Twenty-five years ago this July, the film world was forever changed by two little words: As if!
Amy Heckerling’s “Clueless,” a riff on the Jane Austen novel “Emma,” starred 18-year-old Alicia Silverstone as Cher Horowitz, a Beverly Hills teenager who ruled her high school with equal parts charm and obliviousness — and a whole new lingo. Co-stars Stacey Dash, Donald Faison, the late Brittany Murphy and Breckin Meyer were all key players, as was a then-unknown love interest by the name of Paul Rudd.
Murphy, who mysteriously died of pneumonia complications and drug intoxication in 2009 at 32, played a key role in “Clueless” as newcomer Tai. “It just breaks my heart — I can’t make heads or tails of it,” Heckerling says of Murphy’s death. “It didn’t make any sense. It still doesn’t.” Twink Caplan, an associate producer on the film who also played the delighfully daffy teacher Miss Geist, says everyone on set adored Murphy. “She would have loved that this movie was so big,” Caplan says. “It made her immortal.”
Released on July 19, 1995, the movie kicked off a glut of Austen adaptations and gave us quotable quips (“You’re a virgin who can’t drive!”) that made the film a timeless classic.
“Girls and women all over the world respond to the movie to this day because the characters have this sense of themselves,” says costume designer Mona May. “Even though Cher had flaws and was self-centered, her actions come from trying to improve the world as she’s improving herself.”
In honor of the film’s 25th anniversary, Heckerling, Caplan and May share their favorite “Clueless” trivia.
The screenplay initially faced pushback for having a female lead.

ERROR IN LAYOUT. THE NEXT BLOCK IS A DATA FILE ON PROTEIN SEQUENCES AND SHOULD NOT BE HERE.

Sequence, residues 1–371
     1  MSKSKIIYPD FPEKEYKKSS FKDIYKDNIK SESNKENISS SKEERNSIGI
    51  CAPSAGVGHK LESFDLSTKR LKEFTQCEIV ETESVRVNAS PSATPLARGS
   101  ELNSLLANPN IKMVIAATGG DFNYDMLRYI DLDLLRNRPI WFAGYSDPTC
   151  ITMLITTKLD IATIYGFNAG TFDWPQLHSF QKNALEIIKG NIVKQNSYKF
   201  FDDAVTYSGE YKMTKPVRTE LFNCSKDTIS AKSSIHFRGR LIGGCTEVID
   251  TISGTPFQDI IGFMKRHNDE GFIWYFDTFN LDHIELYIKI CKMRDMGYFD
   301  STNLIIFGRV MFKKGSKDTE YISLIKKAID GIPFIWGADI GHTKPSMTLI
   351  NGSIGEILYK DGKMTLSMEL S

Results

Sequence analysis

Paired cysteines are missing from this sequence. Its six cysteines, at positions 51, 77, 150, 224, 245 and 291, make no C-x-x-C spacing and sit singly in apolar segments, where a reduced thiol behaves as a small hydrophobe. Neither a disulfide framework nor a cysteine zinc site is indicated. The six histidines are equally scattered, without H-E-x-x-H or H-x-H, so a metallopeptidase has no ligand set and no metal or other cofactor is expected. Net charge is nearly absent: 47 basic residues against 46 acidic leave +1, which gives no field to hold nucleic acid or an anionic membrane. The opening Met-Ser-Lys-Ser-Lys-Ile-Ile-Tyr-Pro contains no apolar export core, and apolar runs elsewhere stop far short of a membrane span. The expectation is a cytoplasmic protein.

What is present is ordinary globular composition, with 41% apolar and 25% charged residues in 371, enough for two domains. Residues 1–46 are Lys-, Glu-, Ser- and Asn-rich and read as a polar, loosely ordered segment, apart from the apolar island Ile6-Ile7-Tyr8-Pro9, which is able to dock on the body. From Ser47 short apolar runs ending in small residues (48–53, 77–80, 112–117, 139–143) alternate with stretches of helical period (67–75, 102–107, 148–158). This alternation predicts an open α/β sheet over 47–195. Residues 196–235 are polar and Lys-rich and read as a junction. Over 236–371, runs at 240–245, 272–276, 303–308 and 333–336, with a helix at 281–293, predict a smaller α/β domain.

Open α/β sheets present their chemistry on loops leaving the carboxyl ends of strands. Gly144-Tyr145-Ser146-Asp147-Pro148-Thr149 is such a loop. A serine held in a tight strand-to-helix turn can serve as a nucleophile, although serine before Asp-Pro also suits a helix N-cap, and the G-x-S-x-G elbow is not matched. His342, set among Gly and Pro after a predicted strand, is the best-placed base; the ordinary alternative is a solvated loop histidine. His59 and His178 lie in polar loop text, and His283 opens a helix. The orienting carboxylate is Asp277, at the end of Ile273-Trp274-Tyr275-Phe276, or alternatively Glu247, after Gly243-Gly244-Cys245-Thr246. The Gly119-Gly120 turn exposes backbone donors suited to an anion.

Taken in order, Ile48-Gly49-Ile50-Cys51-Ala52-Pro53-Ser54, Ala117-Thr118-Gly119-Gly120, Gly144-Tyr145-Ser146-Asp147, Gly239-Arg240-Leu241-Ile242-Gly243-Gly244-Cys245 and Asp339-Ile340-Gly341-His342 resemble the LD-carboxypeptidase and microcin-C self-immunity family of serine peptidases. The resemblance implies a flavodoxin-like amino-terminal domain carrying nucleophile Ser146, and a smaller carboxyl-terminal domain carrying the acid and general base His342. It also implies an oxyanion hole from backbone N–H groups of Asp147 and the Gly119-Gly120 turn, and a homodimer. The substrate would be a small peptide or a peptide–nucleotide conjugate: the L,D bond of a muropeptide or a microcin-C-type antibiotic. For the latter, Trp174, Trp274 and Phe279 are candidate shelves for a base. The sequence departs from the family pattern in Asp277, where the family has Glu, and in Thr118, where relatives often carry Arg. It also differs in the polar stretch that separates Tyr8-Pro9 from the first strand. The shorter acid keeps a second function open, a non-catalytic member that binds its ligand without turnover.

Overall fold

Director Amy Heckerling: [“Clueless”] was originally in development at another studio, and there was a lot of resistance to having a main character being a female. That meant that you would have a smaller audience and less of a budget.
In Heckerling’s utopian Beverly Hills, there was “no racism.”
AH: It was always my desire to create an alternate universe where there’s no racism, everybody is having fun, everybody has money to buy things. When somebody comes in from the outside, they take her under their wing and dress her up. That isn’t the real world. The high school we shot in, [Ulysses S.] Grant HS, had just had a shooting a few weeks before.
Cher’s high school is named for Louisa May Alcott’s dad.
AH: I was named after Amy in “Little Women.” And I was seeing Bronson Pinchot at the time. I found out his middle name was Alcott! He was named for Bronson Alcott, who was Louisa May Alcott’s father — one of those free-thinkers. He was very into women getting an education.
Costume designer Mona May wasn’t a fan of the fashions of the film’s era.
MM: [The style] was all grunge then, and kids looked horrible. This was really the antidote to that. What Amy wanted to do was not only have high fashion be almost a character in the film, but that it be transformed through the eyes of the girls. There wasn’t a lot of money, so I was taking the high fashion and pairing it with something from the mall. Now, that’s [de rigueur] — the $5,000 purse with ripped jeans.